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Mobile ad spending lags behind usage: Six key digital trends from KPCB
Mobile phone use now accounts for nearly a quarter of the time consumers spend with media, yet mobile accounts for just 8% of ad spending, according to a new report by US Venture Capital firm Kleiner Perkins Caufield & Byers.
The lag between mobile phone use and mobile ad spending was one of the key statistics in KPCB’s 2015 Internet Trends report, which looks at how mobile phones and the internet are fundamentally reshaping how consumers engage with the media.
Here are six major trends identified in the report:
1. Internet and smartphone growth is strong, but slowing
The KPCB report shows that while use of the internet and smartphones continues to grow, the growth rate is slowing compared to previous years.
Currently, around 2.8 billion people use the internet globally. However, the number of new people signing up is slowing. The growth rate was just 8% in 2014, compared to 10% in 2013 and 11% in 2012.
Aside from India, where the number of connected users surged 33%, the growth rate for the internet in most major economies is slowing. It was just 7% in China during 2014, 4% in Brazil, 2% in the USA and flat in Japan.
Similarly the number of smartphones globally reached 2.1 billion in 2014. However, again, the growth rate was slowing, increasing by 23% in 2014, compared to 27% in 2013 and a massive 65% in 2012.
While the growth rate has already slowed in the US (9%) and Japan (5%), it remains much faster in China (21%), India (55%) and Brazil (28%).
2. Mobile phones are now used by 5.2 billion people globally
One of the standout trends in the report has been the breathtaking growth in mobile phone use over the past 20 years.
According to the report, just 1% of the world’s population – around 80 million people – owned a mobile phone in 1995.
Since then, the number of mobile phone users has surged to 5.2 billion. Just under three quarters (73%) of the humans alive anywhere on Earth now have a mobile phone of some description.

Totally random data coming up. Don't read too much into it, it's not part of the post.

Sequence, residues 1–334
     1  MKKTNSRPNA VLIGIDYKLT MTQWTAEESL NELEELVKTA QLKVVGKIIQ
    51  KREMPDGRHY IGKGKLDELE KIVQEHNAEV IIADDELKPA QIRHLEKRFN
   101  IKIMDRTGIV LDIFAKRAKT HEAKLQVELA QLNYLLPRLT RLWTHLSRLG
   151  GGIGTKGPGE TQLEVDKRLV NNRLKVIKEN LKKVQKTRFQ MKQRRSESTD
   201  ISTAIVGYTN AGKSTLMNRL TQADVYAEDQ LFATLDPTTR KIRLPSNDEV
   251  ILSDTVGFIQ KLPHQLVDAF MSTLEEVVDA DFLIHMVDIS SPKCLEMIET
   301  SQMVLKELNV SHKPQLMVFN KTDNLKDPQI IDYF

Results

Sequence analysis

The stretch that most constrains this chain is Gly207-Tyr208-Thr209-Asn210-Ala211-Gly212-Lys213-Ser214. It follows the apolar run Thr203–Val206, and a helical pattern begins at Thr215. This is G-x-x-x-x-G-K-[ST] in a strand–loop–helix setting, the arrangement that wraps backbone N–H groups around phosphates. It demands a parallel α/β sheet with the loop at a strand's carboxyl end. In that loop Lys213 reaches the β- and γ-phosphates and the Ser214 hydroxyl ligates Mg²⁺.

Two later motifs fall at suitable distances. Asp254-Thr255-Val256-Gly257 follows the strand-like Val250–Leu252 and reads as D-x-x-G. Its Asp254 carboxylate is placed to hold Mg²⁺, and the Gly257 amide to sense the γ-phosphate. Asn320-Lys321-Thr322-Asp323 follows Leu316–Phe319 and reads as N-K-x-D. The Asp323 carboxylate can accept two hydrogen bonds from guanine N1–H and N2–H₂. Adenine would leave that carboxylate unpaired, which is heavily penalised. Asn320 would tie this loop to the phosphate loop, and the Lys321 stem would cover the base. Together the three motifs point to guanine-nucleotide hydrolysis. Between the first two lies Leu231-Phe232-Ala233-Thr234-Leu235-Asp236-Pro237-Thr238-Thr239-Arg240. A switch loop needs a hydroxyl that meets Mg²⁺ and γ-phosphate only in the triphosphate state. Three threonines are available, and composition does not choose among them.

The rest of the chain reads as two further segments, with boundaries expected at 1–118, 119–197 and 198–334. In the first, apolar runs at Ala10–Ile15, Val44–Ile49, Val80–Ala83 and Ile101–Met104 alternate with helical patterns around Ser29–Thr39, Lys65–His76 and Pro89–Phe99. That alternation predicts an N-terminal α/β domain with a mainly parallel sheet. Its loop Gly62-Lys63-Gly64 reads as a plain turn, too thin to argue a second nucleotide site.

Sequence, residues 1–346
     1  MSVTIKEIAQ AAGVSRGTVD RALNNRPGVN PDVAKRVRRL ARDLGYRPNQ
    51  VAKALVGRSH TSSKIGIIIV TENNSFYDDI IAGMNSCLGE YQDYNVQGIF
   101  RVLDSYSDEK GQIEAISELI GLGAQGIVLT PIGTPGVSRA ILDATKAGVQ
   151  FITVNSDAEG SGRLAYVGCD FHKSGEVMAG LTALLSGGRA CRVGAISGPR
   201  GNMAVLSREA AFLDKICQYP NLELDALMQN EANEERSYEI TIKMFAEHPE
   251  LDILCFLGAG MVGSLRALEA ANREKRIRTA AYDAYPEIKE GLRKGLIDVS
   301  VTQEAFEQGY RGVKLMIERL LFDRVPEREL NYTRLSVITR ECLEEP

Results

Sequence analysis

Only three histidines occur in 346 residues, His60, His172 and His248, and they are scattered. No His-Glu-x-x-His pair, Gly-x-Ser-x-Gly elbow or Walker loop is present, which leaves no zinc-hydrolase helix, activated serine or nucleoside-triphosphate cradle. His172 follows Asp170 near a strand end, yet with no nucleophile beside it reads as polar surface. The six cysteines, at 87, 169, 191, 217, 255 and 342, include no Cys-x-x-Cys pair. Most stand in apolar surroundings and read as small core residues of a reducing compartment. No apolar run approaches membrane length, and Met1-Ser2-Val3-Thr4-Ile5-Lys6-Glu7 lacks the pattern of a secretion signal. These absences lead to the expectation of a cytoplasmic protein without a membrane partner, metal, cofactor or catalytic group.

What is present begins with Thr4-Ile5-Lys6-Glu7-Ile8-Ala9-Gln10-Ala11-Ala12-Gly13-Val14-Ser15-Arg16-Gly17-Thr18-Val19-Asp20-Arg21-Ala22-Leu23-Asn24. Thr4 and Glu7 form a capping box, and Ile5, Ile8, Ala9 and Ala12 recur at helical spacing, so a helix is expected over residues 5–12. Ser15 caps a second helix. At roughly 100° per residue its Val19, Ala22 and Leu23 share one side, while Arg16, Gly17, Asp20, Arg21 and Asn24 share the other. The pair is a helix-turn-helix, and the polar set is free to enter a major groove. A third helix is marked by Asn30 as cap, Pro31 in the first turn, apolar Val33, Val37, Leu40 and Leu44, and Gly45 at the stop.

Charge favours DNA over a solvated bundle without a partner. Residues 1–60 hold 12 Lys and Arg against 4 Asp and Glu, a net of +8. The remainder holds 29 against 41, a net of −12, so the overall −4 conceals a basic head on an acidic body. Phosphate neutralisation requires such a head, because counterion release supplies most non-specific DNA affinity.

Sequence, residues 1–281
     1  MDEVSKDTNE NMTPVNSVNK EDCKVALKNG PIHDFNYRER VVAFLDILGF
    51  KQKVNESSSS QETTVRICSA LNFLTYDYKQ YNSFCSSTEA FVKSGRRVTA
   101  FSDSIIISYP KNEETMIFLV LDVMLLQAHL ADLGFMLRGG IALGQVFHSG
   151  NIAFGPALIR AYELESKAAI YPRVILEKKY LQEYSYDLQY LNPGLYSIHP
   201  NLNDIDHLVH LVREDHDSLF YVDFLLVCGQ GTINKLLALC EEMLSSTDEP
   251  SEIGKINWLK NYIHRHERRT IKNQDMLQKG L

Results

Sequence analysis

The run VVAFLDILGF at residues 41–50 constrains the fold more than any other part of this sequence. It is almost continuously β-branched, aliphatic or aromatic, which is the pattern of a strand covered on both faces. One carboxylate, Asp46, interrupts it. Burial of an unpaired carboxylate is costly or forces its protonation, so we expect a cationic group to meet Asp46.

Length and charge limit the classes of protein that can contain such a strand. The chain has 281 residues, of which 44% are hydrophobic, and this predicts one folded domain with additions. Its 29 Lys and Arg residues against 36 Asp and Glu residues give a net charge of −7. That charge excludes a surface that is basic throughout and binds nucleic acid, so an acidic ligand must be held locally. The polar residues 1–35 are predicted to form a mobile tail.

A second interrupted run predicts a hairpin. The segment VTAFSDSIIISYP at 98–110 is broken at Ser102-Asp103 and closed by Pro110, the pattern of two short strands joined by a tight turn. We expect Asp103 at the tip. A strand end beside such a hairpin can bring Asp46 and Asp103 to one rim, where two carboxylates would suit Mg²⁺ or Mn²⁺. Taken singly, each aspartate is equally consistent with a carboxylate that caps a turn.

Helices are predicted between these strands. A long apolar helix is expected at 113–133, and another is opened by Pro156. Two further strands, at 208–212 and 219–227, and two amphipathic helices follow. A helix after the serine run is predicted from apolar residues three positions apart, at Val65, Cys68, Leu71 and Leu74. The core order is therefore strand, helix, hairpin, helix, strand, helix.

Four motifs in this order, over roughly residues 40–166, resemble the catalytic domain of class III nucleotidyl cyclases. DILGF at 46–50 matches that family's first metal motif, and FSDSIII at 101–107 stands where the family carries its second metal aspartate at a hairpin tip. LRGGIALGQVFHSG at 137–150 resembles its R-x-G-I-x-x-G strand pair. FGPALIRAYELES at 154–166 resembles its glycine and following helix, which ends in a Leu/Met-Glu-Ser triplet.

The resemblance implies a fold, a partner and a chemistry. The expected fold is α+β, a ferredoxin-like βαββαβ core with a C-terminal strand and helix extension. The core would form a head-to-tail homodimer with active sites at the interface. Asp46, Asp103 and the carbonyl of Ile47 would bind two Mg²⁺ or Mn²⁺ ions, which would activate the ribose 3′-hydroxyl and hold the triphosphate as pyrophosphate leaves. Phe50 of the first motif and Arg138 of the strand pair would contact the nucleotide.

However, of the world’s mobile phone users, just 40% have made the upgrade to a smartphone, while a remarkable 60% still use feature phones. This suggests there is still a lot more growth to come for the smartphone market globally – especially in emerging markets.
3. More people have mobile phones than internet access
Compared to the 73% penetration rate for mobile phones, only 39% of the world’s population (around 2.8 billion people) have some form of internet access.
The number of people online is fairly evenly spread between Asia excluding China (28%), China (23%), Europe (19%), the US (10%) and the rest of the world (21%).
However, this represents a huge change from just 20 years ago. Back in 1995, there were only around 35 million internet users globally, with 61% in the US, 22% in Europe, 12% in Asia (excluding China) and just 5% in China and the rest of the world.
4. We’re spending more time online than ever before
The figures show we’re spending more time than ever before on the internet – and the main device we now use is the mobile phone.
In 2008, the average adult in the US spent an average of just 2.7 hours a day. Most of that time – 2.2 hours per day, or around 80% of all internet use – was conducted from a desktop PC or a laptop.
By contrast, just 12% of internet time on average (0.3 hours) was spent on a mobile phone, and 9% (0.2) was spent on other connected devices.
By contrast, in 2015, the amount of time the average American spends on the internet has nearly doubled to 5.3 hours per day. Most of that time – 51% of all time spent online – is now from a mobile phone.
Interestingly, while the length of time each day people spend access the internet from a desktop or laptop computer has increased slightly to 2.4 hours, the percentage has fallen to just 42% of the total.
5. Ad spending hasn’t caught up with mobile internet use
While the growth in mobile phone use has been epic in recent years, advertising spending hasn’t yet caught up.
The report compared the percentage of time Americans spend each time with each media form, compared to the percentage of advertising money spent on each medium.
The report found the percentage of ad spending on radio, TV and internet were roughly in line with the amount of time consumers spend with those media. For radio, both modal and ad share stands at 11%, TV’s ad share is 41% compared to 37%, while the internet claims 24% modal share and 23% ad share.
One of the big outliers in terms of ad spending is mobile. While mobile now accounts for nearly a quarter of mobile time (24%), it gets just 8% of ad spending.
The other big outlier is print. Today, it accounts for a measly 4% of media consumption time, yet claims a remarkable 18% of media ad spending.
6. The rise of mobile means more time spent on vertical screens
With a few notable exceptions, such as the BlackBerry Passport, most smartphone screens are held vertically while in use.
This sets them apart from computer monitors or TVs, which are typically horizontal in their orientation.
The report notes that as recently as 2010, most of the time media consumers spend staring at a screen was spent with a horizontal screen.
However, the explosion of mobile phone use means that consumers in the US now spend 29% of their time with a vertical screen, with the share of horizontal screens falling to 71%.
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